Kadah v Kadah 2023 NY Slip Op 32889(U) August 18, 2023 Supreme Court, New York County Docket Number: Index No. 152026/2022 Judge: Richard Latin concerns a legal malpractice claim brought in New York concerning legal work performed in a Florida estate. Where should the claim be brought and if brought in NY is it materially inconvenient?
“This action stems from alleged malpractice in the handling of a legal matter relating to
plaintiff’s ownership of International Controls and Measurements Corp. (“ICM”), specifically the alleged failure to file a claim that plaintiff owned 3,160 shares of ICM stock prior to the November 1, 2016 deadline to make such a claim. It is uncontested that no timely claim was filed. However, H&K argue that they were not retained to represent Kadah individually, but rather in his role as Administrator ad litem over the company. Defendant H&K further asserts that ownership of shares in ICM could not be established despite best efforts, due to significant issues with corporate records.”
“Defendant H&K alternatively moves to dismiss plaintiff’s amended complaint pursuant to CPLR 327 by arguing that Florida is the appropriate venue for this action. It is uncontested that the probate proceeding was administered in Florida pursuant to Florida law and that H&K utilized Florida attorneys and maintained their files relating to the case in Florida.”
“Plaintiff argues that Defendant H&K is a multinational law firm with numerous offices,
including the New York office that plaintiff interacted with when he first retained the firm and that the inconvenience of Florida for plaintiff, a New York resident, would render Florida the forum non conveniens. Plaintiff acknowledges that the probate court proceeding was in Florida and under Florida law but argues that the legal work performed during the period in which the malpractice was alleged to have occurred – between July 2016 and November 2016 – took place mostly in New York and submits billing documentation in support. Lastly, plaintiff argues that numerous ICM attorneys, accountant and board members who would be potential witnesses are based in New
After carefully weighing the relevant factors, the critical difference between this case and Rosenberg is that the plaintiff is not a resident or domiciled in Florida which sufficiently adjusts the calculus so as to necessitate a different result (id.). While the probate proceeding was in Florida, the legal work performed during the relevant period largely occurred in New York. Furthermore, it is uncontested that the relevant Florida filing deadline was missed and instead the dispute relates to the nature of the relationship between the parties created by the contractual relationship formed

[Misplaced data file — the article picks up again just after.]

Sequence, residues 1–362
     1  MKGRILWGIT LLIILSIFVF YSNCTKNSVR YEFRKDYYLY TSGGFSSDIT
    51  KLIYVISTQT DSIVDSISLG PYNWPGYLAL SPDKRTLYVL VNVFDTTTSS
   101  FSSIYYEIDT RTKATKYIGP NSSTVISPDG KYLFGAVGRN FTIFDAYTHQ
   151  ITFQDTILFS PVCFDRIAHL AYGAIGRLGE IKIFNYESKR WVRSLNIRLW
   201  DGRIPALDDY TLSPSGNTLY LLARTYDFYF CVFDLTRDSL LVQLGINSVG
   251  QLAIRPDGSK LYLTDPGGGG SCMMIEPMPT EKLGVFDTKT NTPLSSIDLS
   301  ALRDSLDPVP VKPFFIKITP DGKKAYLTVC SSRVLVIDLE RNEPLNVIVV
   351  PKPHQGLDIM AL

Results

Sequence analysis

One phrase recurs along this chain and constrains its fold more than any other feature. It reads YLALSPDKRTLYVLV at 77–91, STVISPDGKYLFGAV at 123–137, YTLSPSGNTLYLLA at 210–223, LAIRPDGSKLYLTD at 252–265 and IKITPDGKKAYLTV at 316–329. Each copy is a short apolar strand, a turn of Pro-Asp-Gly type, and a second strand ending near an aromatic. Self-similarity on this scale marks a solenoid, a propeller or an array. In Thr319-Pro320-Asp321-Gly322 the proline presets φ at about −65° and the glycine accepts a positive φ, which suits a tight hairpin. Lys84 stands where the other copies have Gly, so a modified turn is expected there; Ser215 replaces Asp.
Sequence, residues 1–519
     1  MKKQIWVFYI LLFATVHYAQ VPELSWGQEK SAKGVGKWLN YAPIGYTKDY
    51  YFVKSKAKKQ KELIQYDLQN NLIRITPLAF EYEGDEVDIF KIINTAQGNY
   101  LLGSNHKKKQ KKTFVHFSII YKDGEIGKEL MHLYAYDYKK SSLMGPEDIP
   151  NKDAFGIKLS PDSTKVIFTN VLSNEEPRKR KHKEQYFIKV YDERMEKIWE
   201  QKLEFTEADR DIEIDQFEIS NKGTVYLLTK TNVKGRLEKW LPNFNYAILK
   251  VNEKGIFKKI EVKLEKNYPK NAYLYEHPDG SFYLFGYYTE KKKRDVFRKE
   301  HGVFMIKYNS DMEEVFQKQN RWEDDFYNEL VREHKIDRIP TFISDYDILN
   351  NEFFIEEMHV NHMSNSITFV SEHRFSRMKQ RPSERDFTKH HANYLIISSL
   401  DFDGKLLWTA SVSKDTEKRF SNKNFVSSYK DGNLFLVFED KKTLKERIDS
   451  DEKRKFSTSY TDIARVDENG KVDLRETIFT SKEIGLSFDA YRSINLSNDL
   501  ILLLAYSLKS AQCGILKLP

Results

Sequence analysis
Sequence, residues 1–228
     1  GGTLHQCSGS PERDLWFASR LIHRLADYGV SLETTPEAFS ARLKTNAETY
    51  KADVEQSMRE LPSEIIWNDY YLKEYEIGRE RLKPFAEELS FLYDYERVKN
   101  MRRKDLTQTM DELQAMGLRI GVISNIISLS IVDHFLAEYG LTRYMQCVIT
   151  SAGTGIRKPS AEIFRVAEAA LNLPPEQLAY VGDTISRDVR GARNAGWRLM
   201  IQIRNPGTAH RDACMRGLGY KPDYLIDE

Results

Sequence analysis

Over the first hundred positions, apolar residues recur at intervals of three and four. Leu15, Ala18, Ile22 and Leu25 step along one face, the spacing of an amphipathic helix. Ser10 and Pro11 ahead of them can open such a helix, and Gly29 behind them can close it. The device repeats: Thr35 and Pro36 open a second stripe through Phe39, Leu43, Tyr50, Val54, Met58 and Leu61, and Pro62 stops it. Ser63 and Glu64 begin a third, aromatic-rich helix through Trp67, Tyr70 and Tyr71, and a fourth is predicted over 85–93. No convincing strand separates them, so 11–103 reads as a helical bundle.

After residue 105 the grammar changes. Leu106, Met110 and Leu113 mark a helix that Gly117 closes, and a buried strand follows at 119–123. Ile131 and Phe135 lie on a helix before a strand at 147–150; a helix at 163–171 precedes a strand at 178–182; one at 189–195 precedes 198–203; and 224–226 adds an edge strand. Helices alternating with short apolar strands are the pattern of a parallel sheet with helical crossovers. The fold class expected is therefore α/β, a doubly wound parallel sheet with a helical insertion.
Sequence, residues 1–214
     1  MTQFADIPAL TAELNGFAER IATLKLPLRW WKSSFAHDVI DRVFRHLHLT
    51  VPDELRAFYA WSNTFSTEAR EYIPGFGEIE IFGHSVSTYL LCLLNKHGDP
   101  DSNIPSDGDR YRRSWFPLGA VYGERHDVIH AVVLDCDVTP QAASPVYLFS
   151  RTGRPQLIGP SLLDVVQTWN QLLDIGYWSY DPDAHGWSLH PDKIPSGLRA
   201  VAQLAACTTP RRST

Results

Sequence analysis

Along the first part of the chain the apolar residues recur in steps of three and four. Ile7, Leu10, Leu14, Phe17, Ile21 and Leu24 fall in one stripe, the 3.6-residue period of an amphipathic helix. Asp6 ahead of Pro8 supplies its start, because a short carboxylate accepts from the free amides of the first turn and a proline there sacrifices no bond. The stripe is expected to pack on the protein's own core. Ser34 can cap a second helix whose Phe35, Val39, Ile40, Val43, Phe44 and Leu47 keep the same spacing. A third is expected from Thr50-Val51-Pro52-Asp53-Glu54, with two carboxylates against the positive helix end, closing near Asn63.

in New York and the performance of the obligations stemming therefrom – issues which do not require a New York court to apply or interpret Florida law to such an extent that a Florida court would be significantly better positioned to appropriately handle the matter.
Meanwhile the burden on requiring an individual plaintiff who does not have a residence or domicile in Florida to pursue this action in Florida is prejudicial and creates significant practical difficulties. Defendant H&K argues that plaintiff has already demonstrated that he can pursue litigation in Florida due to his conduct in the probate court proceeding and that plaintiff is currently pursuing litigation relating to the probate court pending in Florida, but plaintiff has no alternative than to pursue those actions in Florida. However, this action – unlike those actions – has a considerable and sufficient nexus to New York to pursue the action here and Plaintiff need not be prejudiced by an inconvenient forum where he did not elect to pursue this action simply because he had no choice but to litigate a separate action in that forum. “[U]nless the balance is strongly in favor of the [moving party], the plaintiff’s choice of forum should rarely be disturbed.” (Swaney, 158 AD3d at 438). Here, the balance is not strongly in defendant H&K’s favor and plaintiff’s choice of forum should not be disturbed – particularly where litigating this action in Florida would present a clear and prejudicial burden on plaintiff.”